By October 2011, Karuturi learned its first lesson best expressed in the verse of Alexander Pope: “ For Fools rush in where Angels fear to tread./ Distrustful Sense with modest Caution speaks;…/”. Karuturi faced the “thundering Tyde” of the Baro (Upeno) River and its tributaries which overflowed their banks and submerged Karuturi’s 80km long system of protective dikes. In a flash, Karuturi saw its corn harvest of 50 thousand metric tons flushed down river without a paddle.
Karuturi CEO Sai Ramakrishna Karuturi announced his company took a $15 million “hit” from the floods. He was dumbfounded by the intensity of the calamity: “This kind of flooding we haven’t seen before. This is a crazy amount of water.” Who “crazy”!? The Baro River or Karuturi? Had Karuturi come down from his high horse and talked to the local people, he would have found out that most of the land he wanted to develop was in a flood plain. That is why the local people use it mostly for grazing and hunting. So much for Karuturi’s due diligence.
The 2011 floods were a bad omen for Karuturi in Gambella.
By April 2013, Karuturi was convicted of tax evasion in Kenya in the amount of USD$11 million. Devlin Kuyek of GRAIN, a non-profit organization that supports small farmers observed, “Not only are they fiscal cheats, but Karuturi has been accused of human rights abuses, poor labour practices, threats to the environment and so on… Even the World Bank Group did not grant Karuturi the political risk insurance it requested for its Ethiopian operations.”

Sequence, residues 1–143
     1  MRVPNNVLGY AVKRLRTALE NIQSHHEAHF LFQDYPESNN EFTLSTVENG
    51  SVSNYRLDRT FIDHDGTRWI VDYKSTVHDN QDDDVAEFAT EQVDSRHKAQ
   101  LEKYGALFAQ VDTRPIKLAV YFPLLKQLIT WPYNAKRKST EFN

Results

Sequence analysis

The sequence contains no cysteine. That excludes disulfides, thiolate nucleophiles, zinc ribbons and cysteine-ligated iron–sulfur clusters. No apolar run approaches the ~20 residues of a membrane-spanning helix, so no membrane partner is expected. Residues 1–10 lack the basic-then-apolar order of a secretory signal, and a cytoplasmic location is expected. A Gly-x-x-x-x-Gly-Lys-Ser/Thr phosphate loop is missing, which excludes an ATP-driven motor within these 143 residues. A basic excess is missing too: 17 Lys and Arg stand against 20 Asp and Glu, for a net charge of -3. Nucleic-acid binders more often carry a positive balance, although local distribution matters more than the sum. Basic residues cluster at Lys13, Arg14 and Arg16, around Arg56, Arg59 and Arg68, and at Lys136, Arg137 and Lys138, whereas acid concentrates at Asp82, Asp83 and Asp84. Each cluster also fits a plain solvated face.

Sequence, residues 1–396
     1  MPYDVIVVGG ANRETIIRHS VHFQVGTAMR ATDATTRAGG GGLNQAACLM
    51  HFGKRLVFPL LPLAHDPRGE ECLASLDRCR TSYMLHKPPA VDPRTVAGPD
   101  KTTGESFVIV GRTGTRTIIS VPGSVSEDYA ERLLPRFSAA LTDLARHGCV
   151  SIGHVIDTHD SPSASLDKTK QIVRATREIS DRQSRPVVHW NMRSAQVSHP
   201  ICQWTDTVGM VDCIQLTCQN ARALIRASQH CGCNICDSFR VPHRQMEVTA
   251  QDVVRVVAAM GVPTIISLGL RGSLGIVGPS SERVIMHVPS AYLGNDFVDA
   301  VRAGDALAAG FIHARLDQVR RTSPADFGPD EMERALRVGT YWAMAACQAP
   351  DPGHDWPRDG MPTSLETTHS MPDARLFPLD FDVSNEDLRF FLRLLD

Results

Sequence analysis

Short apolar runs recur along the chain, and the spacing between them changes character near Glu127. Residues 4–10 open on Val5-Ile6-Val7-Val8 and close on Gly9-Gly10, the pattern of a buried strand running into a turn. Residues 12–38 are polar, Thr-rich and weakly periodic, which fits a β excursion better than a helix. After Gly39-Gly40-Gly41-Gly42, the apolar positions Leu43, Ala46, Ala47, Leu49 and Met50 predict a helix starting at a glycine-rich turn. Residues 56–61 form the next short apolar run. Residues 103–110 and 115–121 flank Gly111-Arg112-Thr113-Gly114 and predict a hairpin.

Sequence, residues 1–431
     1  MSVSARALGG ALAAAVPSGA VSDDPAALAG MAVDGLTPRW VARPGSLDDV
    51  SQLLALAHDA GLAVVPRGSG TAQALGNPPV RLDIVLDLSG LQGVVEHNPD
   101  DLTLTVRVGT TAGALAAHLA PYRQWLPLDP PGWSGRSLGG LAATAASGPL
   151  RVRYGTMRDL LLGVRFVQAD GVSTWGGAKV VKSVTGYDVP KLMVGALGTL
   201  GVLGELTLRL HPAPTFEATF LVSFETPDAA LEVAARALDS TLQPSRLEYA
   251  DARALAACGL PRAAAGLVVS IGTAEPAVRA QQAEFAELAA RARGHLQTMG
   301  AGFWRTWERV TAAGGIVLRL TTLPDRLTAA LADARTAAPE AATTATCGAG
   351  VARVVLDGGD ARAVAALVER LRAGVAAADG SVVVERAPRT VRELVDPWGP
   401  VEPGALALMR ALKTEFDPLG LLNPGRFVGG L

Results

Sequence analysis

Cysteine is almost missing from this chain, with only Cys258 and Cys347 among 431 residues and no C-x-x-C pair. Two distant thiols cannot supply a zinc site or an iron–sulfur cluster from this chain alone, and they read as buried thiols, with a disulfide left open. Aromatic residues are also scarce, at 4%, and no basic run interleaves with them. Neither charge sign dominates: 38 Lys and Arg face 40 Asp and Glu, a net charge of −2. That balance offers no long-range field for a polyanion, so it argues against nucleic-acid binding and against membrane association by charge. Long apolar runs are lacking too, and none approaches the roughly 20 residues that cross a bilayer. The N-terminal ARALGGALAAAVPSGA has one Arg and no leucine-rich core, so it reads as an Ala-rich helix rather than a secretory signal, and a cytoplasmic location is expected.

By June 2013, it was becoming crystal clear that the Karuturi project in Gambella was facing insurmountable problems. That year Karuturi had cultivated only 5 per cent of the land area it had leased. The T-TPLF was hassling the company threatening to reduce its lease holdings. The company was accumulating debt and having difficulties obtaining working capital. Big investors were getting jittery over the management and the political problems brewing in the local community and quickly beat feet. Others who had promised to invest would not touch the Gambella project with a ten foot pole.